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Our View: Limos farce not over yet

In the end, deputies chose to leave the decision on who would be eligible for a state limo to the government, because they found themselves in difficult position. ‘Difficult’ because they are all populists that, on the one hand, do not want to alienate state officials and, on the other, do not want to be accused by people of sitting on the fence after making such a big fuss about the state limos. It was, after all, deputies that first raised the issue and made public declarations about reducing the number of official that were entitled to this perk.

However, the parties and deputies came under so much pressure from different officials who did not want to give up this privilege that they decided to pass it on to the finance minister. The House finance committee agreed to submit a bill to the plenum on Thursday listing the state officials eligible to a state car, round the clock, but left the drafting of the regulations – which other officials would have the use of a car, whether it would be on a 24-hour basis and whether weekends and public holidays would be included – to the finance minister. They could engage in their populist games again, when the finance minister submits the regulations to the legislature for approval.

According to the bill, a round-the-clock state limo would be provided to the president of the Republic, president of the House, president of the Supreme Court, Attorney-General, deputy Attorney-General, Auditor-General, two former presidents of the Republic and three former presidents of the House. The finance minister would then decide how many more officials would have a state limo and frequency of use.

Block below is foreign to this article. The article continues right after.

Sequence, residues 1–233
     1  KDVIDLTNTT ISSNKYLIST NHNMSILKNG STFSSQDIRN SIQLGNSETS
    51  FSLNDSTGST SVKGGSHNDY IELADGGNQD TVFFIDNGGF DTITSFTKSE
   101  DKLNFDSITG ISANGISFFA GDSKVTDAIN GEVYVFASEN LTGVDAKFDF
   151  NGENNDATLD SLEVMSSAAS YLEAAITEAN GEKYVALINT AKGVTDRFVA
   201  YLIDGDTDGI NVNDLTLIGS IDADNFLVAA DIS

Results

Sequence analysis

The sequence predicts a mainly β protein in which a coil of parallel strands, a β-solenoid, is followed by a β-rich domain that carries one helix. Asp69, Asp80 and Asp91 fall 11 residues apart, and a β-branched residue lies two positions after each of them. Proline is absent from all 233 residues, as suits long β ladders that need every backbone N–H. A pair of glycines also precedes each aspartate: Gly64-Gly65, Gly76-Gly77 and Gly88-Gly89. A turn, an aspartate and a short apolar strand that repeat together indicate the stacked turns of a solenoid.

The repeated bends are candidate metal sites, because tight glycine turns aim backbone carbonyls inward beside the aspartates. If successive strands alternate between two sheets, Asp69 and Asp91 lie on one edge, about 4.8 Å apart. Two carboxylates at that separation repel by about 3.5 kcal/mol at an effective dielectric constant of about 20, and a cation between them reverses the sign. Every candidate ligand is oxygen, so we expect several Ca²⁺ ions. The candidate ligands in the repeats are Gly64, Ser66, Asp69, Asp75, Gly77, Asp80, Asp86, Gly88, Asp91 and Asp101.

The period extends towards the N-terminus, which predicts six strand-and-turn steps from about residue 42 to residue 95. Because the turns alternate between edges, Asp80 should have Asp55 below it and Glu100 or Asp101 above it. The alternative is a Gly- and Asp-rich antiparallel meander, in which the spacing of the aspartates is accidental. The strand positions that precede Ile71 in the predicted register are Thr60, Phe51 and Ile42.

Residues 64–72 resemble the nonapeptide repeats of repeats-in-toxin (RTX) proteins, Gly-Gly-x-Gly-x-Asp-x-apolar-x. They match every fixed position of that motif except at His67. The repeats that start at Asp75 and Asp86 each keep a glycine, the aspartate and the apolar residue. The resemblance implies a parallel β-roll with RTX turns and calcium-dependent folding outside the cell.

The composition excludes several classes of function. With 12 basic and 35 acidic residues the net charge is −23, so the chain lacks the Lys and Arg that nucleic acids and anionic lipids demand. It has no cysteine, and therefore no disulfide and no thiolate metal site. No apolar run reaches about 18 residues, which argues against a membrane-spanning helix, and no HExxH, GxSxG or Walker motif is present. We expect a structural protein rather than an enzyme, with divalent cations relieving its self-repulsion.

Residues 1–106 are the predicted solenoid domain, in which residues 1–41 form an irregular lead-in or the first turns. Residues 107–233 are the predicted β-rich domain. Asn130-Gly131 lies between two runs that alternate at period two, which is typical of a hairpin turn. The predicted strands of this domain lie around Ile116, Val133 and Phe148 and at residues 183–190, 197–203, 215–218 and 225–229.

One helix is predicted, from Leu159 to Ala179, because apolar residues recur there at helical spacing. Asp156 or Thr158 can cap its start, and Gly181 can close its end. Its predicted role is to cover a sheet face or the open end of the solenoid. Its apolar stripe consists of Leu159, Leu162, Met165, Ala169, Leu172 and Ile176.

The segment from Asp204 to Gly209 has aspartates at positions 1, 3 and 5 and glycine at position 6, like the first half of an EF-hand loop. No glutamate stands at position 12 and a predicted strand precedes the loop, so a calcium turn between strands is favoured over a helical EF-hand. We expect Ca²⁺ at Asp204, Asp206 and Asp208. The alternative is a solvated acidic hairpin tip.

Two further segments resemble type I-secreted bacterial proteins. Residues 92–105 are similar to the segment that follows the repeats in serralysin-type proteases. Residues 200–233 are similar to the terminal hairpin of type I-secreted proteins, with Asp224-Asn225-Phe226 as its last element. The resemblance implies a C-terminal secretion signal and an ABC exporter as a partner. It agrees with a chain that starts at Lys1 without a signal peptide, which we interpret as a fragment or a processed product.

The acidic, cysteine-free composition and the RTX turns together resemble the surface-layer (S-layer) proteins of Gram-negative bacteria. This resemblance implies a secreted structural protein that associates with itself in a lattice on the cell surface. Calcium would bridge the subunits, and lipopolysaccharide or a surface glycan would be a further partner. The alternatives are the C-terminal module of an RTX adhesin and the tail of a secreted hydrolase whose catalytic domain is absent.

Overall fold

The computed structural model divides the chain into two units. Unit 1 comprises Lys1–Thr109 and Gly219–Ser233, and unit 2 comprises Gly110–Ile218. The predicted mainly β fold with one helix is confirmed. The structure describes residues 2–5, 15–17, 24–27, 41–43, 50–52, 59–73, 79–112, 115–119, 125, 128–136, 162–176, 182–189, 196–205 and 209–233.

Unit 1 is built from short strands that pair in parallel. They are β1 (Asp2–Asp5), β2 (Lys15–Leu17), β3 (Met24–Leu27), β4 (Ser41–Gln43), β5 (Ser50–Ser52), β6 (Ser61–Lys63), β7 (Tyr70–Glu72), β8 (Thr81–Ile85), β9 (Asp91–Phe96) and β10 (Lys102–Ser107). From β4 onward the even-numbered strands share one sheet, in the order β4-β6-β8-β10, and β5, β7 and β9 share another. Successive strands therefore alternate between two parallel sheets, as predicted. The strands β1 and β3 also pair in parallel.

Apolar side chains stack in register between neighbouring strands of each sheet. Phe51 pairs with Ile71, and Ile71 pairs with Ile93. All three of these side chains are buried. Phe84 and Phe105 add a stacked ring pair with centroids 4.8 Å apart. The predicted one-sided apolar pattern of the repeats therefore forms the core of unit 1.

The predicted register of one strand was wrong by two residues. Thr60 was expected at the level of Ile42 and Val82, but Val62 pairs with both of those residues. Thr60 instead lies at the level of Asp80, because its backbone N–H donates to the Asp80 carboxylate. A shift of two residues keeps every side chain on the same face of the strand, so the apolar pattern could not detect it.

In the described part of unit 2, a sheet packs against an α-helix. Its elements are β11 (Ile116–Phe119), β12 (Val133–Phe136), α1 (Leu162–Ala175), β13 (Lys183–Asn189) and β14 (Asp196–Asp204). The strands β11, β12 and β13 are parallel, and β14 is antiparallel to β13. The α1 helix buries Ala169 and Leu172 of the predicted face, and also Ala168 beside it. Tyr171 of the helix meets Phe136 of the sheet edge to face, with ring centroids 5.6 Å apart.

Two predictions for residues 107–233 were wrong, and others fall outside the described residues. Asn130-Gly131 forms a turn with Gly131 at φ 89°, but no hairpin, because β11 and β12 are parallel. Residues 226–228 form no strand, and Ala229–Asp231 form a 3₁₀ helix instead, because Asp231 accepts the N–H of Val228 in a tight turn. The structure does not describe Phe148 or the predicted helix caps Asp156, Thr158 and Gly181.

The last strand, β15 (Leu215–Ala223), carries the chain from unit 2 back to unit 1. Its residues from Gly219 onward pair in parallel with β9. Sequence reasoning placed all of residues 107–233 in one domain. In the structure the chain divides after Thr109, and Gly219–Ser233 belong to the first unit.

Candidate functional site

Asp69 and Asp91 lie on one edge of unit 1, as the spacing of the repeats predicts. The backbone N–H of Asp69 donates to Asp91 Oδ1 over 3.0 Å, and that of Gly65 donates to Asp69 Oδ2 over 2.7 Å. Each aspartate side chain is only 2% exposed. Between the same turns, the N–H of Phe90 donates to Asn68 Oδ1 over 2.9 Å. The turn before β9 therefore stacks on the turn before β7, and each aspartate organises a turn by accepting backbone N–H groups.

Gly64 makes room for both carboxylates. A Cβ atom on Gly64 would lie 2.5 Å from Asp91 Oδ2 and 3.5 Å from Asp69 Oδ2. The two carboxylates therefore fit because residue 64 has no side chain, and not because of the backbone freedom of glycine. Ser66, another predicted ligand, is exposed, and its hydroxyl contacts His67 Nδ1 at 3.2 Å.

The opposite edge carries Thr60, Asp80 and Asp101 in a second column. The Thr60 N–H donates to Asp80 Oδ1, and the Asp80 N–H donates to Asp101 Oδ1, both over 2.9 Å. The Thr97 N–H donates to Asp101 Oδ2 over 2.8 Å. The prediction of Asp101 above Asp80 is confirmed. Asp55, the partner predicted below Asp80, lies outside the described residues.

There is one rational consistency in the draft law. Why should former presidents have a round- the-clock limo service provided by the taxpayer, when they are not serving the country? They receive a very generous state pension and retirement bonus, not to mention the scam of the €3,000 per month for secretarial services, and can afford to pay for a car. As for former presidents of House, it is a scandal for the taxpayer to provide them with a state limo and they should have never been included in the new law.

But would DIKO agree to a law depriving Marios Garoyian of a state limo for the rest of his life? Likewise, EDEK would never support such a bill because Dr Lyssarides would lose his state limo and Yiannakis Omirou would have to drive his own car when he ceases to be House president. Ridiculously, the laws in Cyprus are personalised. The bill stipulates the deputy Attorney-General should have a state limo, but not the deputy Auditor-General and not the Accountant-General. This is because the deputy AG Rikkos Erotokritou, lives in Limassol and wants to be driven home every day. The rational thing would be for him to rent a flat in Nicosia, rather than expect the taxpayer, by law, to pay for his car and transport costs.

But there is no objectivity in law-making in Cyprus that is why the state limos issue has degenerated into a farce, which is not over yet because the regulations have yet to be prepared.



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